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Statistical graphics

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Statistical graphics, also known as statistical graphical techniques, are graphics used in the field of statistics for data visualization.


Whereas statistics and data analysis procedures generally yield their output in numeric or tabular form, graphical techniques allow such results to be displayed in some sort of pictorial form. They include plots such as scatter plots, histograms, probability plots, spaghetti plots, residual plots, box plots, block plots and biplots.[1]

Exploratory data analysis (EDA) relies heavily on such techniques. They can also provide insight into a data set to help with testing assumptions, model selection and regression model validation, estimator selection, relationship identification, factor effect determination, and outlier detection. In addition, the choice of appropriate statistical graphics can provide a convincing means of communicating the underlying message that is present in the data to others.[1]

Graphical statistical methods have four objectives:[2]

  • The exploration of the content of a data set
  • The use to find structure in data
  • Checking assumptions in statistical models
  • Communicate the results of an analysis.

If one is not using statistical graphics, then one is forfeiting insight into one or more aspects of the underlying structure of the data.


Statistical graphics have been central to the development of science and date to the earliest attempts to analyse data. Many familiar forms, including bivariate plots, statistical maps, bar charts, and coordinate paper were used in the 18th century. Statistical graphics developed through attention to four problems:[3]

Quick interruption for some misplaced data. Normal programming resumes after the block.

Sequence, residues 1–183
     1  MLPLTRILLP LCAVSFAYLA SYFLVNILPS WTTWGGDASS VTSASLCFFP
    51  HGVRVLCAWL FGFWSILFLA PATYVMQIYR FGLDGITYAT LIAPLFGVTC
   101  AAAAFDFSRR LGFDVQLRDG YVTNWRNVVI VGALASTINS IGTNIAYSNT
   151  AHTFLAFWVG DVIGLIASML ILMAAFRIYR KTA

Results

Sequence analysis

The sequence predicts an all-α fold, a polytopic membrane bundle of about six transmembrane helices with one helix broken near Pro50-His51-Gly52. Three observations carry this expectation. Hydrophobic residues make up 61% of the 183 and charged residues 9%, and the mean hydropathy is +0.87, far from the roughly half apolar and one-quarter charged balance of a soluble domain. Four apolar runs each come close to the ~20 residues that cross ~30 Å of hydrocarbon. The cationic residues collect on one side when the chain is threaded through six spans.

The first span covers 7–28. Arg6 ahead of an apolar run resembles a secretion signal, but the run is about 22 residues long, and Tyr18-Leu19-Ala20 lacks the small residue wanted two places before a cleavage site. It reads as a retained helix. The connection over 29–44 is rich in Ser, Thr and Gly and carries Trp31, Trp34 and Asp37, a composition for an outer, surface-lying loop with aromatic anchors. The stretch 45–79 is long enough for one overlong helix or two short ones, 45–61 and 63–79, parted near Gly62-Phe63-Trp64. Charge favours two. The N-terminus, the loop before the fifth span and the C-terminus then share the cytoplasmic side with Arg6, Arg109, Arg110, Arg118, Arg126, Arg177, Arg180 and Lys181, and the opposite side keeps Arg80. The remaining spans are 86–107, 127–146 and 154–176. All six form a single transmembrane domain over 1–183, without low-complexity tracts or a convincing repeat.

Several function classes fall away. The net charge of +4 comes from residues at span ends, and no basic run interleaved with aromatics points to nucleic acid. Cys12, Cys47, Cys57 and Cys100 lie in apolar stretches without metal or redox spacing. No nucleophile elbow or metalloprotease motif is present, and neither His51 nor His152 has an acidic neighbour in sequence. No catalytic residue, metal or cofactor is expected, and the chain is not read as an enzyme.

• Spatial organization in the 17th and 18th century
  • Discrete comparison in the 18th and early 19th century
  • Continuous distribution in the 19th century and
  • Multivariate distribution and correlation in the late 19th and 20th century.

Since the 1970s statistical graphics have been re-emerging as an important analytic tool with the revitalisation of computer graphics and related technologies.[3]


William Playfair's trade-balance time-series chart, published in his Commercial and Political Atlas, 1786
John Snow's Cholera map in dot style, 1854.

Famous graphics were designed by:

See the plots page for many more examples of statistical graphics.

See also[edit]


  1. ^ a b "The Role of Graphics". NIST/SEMATECH e-Handbook of Statistical Methods. 2003–2010. Retrieved May 5, 2011.
  2. ^ Jacoby, William G. (1997). Statistical Graphics for Univariate and Bivariate Data: Statistical Graphics. pp. 2–4.
  3. ^ a b James R. Beniger and Dorothy L. Robyn (1978). "Quantitative graphics in statistics: A brief history". In: The American Statistician. 32: pp. 1–11.
  4. ^ Tufte, Edward (1983). The Visual Display of Quantitative Information. Cheshire, Connecticut: Graphics Press. ISBN 0961392142.
  5. ^ Baird, Davis (2004). Thing knowledge: a philosophy of scientific instruments. University of California Press. p. 170. ISBN 978-0-520-23249-5.
  6. ^ Small, Hugh. "Florence Nightingale's statistical diagrams".
  7. ^ Crosier, Scott. "John Snow: The London Cholera Epidemic of 1854". University of California, Santa Barbara.
  8. ^ Corbett, John. "Charles Joseph Minard: Mapping Napoleon's March, 1861". Center for Spatially Integrated Social Science. Retrieved 21 September 2014.

Public Domain This article incorporates public domain material from the National Institute of Standards and Technology

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